- Italy’s Civic Divide
Making Democracy Work is that rare work of social science which is both important and almost instantly successful. Launched by an enthusiastic review in The Economist and quickly brought out in an Italian translation by a major publisher, it was reviewed in most of Italy’s important newspapers within a few weeks and subsequently analyzed in greater depth in many prestigious journals of sociology and political science. Robert Putnam’s central theme—the institutional performance of Italy’s 20 regions since the 1970 inauguration of an experiment with regional governance—ties into the ongoing public debate in Italy on the need for decentralization of the state. Putnam sets forth a clear, strong, and provocative hypothesis: Differences in the present-day institutional performance of the various regions of Italy can be traced to differences in patterns of civic engagement that extend back to the early Middle Ages. His analysis also has resonance for the many newly democratized countries of the world that are currently grappling with the classic problem of how to achieve good governance where civil society is weak and severe economic difficulties prevail.
The key question that guided the author’s research was, “What are the conditions for creating strong, responsive, effective representative institutions?” (p. 6). Given the vastly different social, economic, political, and cultural settings of the Italian regions, and the nearly identical institutional structures that were implanted in them, Italy’s regional experiment provided an excellent opportunity to study the process of institutional development. The book presents an enormous amount of data, gathered over the course of two decades, in support of the above-mentioned hypothesis. The methods of inquiry included several waves [End Page 173] of personal interviews with regional councilors and community leaders in six selected regions; nationwide mail surveys of community leaders and voters; examination of a number of statistical measures of institutional performance in all 20 regions; an experiment to test government responsiveness to citizen inquiries in all 20 regions; and case studies of institutional politics and regional planning in the six selected regions, as well as a detailed analysis of legislation produced by all 20 regions.
The book begins with an analysis of the consolidation of Italy’s regional institutions over the course of the first two decades of their existence. This process seems to bear a remarkable resemblance to the consolidation of new democracies, with the expansion of regional powers leading over time to the gradual legitimation of those institutions, and with the emergence of an autonomous new political arena being followed by the socialization, integration, and deradicalization of the political elite. In the end the new institutions became so well consolidated that criticism of specific regional governments can be interpreted today as a demand for an even greater degree of decentralization. The basic consequences of regional reform have included greater attention to social demands, changes in the ways those demands are articulated due to the actual working of the new institutions, and the reorganization of political parties in the direction of greater regional autonomy.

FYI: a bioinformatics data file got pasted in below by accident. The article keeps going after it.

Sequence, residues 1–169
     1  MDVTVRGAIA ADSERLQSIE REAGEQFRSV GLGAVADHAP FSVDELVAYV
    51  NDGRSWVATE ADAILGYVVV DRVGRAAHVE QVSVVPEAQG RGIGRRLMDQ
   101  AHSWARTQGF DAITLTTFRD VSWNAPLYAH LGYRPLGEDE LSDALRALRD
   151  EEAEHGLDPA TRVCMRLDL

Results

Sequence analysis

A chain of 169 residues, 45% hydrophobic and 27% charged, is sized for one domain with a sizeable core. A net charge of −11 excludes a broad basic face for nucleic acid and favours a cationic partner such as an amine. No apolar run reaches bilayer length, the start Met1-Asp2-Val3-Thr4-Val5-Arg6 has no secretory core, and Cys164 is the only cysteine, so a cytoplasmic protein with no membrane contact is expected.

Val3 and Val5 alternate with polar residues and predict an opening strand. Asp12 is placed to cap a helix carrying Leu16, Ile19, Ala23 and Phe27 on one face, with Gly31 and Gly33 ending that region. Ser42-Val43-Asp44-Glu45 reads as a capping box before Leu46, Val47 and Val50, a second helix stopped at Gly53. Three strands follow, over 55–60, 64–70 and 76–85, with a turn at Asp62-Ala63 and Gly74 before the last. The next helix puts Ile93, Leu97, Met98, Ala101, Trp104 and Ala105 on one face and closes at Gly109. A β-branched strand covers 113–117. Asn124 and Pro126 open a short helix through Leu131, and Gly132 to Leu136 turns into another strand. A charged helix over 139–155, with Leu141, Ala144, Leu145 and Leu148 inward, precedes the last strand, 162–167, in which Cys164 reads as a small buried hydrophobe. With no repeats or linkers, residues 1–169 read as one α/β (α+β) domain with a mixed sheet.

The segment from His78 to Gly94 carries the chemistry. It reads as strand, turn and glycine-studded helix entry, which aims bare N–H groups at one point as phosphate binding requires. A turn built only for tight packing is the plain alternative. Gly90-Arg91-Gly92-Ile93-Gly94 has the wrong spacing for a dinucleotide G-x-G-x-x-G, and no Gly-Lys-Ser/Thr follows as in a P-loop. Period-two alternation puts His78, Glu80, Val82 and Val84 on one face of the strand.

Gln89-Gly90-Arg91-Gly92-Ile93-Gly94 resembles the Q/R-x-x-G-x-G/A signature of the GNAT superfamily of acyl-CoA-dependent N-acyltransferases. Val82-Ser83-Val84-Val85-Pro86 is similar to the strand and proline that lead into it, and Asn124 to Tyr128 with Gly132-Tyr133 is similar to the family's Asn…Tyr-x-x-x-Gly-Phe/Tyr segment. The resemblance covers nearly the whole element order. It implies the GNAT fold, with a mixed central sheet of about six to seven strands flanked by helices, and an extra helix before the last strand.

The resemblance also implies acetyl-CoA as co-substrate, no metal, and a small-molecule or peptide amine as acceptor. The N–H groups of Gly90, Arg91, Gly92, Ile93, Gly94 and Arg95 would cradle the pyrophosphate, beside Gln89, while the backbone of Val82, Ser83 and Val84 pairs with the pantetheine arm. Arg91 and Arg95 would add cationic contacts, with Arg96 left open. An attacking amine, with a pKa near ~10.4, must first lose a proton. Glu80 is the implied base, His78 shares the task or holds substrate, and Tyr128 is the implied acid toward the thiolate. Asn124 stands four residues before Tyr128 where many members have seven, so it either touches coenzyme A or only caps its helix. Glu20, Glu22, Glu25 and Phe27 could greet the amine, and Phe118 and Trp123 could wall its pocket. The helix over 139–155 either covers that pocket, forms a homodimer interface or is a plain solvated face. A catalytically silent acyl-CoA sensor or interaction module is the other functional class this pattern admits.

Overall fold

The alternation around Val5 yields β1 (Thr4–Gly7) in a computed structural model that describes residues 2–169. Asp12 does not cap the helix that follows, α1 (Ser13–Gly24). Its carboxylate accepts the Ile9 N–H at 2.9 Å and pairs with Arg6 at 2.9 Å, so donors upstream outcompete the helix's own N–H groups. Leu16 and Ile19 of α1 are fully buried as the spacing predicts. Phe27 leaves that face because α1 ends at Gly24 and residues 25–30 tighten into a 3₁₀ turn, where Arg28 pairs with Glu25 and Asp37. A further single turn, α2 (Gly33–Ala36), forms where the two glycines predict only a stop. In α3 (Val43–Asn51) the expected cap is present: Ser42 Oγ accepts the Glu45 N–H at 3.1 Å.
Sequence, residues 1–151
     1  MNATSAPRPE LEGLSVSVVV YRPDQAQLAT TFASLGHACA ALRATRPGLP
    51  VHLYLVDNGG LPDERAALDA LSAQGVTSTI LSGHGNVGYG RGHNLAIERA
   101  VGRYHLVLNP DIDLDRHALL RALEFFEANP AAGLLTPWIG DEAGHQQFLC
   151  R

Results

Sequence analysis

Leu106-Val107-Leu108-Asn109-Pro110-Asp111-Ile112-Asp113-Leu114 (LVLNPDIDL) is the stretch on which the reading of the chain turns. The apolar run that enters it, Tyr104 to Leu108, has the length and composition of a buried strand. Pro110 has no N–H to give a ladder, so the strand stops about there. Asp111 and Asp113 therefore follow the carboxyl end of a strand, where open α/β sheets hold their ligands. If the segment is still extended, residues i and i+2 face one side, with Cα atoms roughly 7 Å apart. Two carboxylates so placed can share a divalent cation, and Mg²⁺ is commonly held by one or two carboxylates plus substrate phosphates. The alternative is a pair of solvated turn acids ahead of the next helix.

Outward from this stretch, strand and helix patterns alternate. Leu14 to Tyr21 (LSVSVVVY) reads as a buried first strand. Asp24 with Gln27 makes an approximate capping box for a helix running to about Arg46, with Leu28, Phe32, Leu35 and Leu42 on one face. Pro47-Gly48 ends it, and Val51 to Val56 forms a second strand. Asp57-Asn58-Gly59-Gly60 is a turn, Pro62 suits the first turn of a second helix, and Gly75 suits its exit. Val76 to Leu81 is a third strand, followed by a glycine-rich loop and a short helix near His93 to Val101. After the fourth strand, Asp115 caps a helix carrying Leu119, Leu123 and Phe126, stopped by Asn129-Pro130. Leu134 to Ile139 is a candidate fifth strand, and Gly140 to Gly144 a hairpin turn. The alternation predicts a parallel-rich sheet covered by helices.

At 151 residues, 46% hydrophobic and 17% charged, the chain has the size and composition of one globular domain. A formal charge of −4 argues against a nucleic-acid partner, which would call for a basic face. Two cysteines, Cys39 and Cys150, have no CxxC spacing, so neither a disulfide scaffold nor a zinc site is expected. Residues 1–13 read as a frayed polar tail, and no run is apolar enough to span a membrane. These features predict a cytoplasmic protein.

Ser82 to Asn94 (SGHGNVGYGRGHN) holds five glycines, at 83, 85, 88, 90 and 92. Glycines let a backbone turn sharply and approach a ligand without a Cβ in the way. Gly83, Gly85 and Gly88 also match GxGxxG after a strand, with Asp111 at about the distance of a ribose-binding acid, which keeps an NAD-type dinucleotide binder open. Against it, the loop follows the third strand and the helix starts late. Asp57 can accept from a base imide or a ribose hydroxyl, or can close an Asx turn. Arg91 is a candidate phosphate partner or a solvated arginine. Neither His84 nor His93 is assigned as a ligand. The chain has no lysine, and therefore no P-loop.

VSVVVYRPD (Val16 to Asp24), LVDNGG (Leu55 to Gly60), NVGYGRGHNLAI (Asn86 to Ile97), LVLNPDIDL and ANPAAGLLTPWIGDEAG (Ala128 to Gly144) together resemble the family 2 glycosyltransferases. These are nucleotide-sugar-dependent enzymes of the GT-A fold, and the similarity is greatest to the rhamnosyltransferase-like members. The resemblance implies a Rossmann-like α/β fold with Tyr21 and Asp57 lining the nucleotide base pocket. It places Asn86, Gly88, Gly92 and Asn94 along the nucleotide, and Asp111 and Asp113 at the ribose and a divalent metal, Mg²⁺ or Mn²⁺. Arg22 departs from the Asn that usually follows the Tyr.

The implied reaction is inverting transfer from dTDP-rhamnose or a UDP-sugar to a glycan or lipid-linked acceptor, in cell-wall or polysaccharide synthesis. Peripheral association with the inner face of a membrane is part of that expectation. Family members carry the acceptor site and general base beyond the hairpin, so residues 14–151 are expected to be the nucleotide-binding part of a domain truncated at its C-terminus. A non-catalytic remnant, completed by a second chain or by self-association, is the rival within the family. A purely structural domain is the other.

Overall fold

The performance of these regional institutions was evaluated according to 12 indicators within three general domains: policy processes (e.g., cabinet stability and budget promptness), policy pronouncements (e.g., reform legislation and legislative innovation), and policy implementation (e.g., with respect to day-care centers, industrial policy, housing and urban development, and bureaucratic responsiveness). The indicators are highly correlated with one another, and the index as a whole is congruent with Italians’ opinions of their regional governments. But the author does not explain how the index was constructed, nor does he report exact data on performance for each region, although various diagrams clearly show a North-South gradient, with the northern regional governments as a group being more successful than their southern counterparts. Six of the 12 indicators are based on data collected for just one year. None goes beyond 1985, with the exception of one that also covers the two following years. In particular, the measure of policy implementation is less reliable than...